Estimating dynamic changes of tissue attenuation coefficient during high-intensity focused ultrasound treatment
journal contributionposted on 2022-12-20, 15:52 authored by Siavash Rahimian, Jahangir (Jahan) TavakkoliJahangir (Jahan) Tavakkoli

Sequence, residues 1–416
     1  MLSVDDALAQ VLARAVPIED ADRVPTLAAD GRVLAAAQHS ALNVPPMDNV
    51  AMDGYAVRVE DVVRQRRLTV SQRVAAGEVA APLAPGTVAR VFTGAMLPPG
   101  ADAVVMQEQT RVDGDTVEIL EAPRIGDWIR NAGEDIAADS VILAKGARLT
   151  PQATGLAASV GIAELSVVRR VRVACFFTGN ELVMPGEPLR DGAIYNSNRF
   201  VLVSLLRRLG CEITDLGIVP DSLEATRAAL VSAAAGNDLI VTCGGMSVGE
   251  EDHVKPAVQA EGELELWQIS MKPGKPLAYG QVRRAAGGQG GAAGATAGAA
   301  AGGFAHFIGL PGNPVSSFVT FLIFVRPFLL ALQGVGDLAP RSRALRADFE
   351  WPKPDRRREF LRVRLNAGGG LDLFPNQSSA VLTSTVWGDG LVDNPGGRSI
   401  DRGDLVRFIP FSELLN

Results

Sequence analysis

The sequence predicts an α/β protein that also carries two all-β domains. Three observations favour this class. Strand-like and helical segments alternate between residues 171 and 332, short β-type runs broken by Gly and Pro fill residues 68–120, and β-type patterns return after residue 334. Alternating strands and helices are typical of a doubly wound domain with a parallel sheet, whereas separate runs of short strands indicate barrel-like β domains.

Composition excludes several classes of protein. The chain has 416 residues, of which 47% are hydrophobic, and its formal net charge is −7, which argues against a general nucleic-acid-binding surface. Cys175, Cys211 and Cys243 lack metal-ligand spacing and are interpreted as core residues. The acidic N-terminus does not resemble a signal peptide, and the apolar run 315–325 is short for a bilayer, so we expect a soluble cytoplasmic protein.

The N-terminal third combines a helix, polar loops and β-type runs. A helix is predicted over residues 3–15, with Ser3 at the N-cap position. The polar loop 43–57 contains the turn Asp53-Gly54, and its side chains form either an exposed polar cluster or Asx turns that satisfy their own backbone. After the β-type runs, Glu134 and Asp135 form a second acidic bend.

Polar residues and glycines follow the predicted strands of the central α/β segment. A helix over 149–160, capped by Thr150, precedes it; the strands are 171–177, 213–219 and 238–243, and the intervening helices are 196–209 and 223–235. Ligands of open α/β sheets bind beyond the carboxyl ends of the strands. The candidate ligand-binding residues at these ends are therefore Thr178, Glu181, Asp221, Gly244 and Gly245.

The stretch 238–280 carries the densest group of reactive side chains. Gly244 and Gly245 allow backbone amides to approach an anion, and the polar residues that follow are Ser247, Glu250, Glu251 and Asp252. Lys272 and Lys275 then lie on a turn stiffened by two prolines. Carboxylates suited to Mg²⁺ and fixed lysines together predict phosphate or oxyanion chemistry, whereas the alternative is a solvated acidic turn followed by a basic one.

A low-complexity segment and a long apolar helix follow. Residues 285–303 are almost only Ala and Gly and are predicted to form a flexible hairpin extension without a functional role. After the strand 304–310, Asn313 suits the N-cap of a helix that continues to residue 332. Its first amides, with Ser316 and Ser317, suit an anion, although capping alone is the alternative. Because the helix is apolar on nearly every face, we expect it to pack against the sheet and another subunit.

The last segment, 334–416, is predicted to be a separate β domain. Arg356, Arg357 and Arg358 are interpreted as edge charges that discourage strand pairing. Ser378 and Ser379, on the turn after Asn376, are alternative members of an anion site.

Background This study investigated the dynamic changes of tissue attenuation coefficients before, during, and after high-intensity focused ultrasound (HIFU) treatment at different total acoustic powers (TAP) in ex vivo porcine muscle tissue. It further assessed the reliability of employing changes in tissue attenuation coefficient parameters as potential indicators of tissue thermal damage. Methods Two-dimensional pulse-echo radio frequency (RF) data were acquired before, during, and after HIFU exposure to estimate changes in least squares attenuation coefficient slope (Δβ) and attenuation coefficient intercept (Δα0). Using the acquired RF data, Δβ and Δα0 images, along with conventional B-mode ultrasound images, were constructed. The dynamic changes of Δβ and Δα0, averaged in the region of interest, were correlated with B-mode images obtained during the HIFU treatment process. Results At a HIFU exposure duration of 40 s and various HIFU intensities (737–1,068 W/cm2), Δβ and Δα0 increased rapidly to values in the ranges 1.5–2.5 dB/(MHz.cm) and 4–5 dB/cm, respectively. This rapid increase was accompanied with the appearance of bubble clouds in the B-mode images. Bubble activities appeared as strong hyperechoic regions in the B-mode images and caused fluctuations in the estimated Δβ and Δα0 values. After the treatment, Δβ and Δα0 values gradually decreased, accompanied by fade-out of hyperechoic spots in the B-mode images. At 10 min after the treatment, they reached values in ranges 0.75–1 dB/(MHz.cm) and 1–1.5 dB/cm, respectively, and remained stable within those ranges. At a long HIFU exposure duration of around 10 min and low HIFU intensity (117 W/cm2), Δβ and Δα0 gradually increased to values of 2.2 dB/(MHz.cm) and 2.2 dB/cm, respectively. This increase was not accompanied with the appearance of bubble clouds in the B-mode images. After HIFU treatment, Δβ and Δα0 gradually decreased to values of 1.8 dB/(MHz.cm) and 1.5 dB/cm, respectively, and remained stable at those values. Conclusions Δβ and Δα0 estimations were both potentially reliable indicators of tissue thermal damage. In addition, Δβ and Δα0 images both had significantly higher contrast-to-speckle ratios compared to the conventional B-mode images and outperformed the B-mode images in detecting HIFU thermal lesions at all investigated TAPs and exposure durations.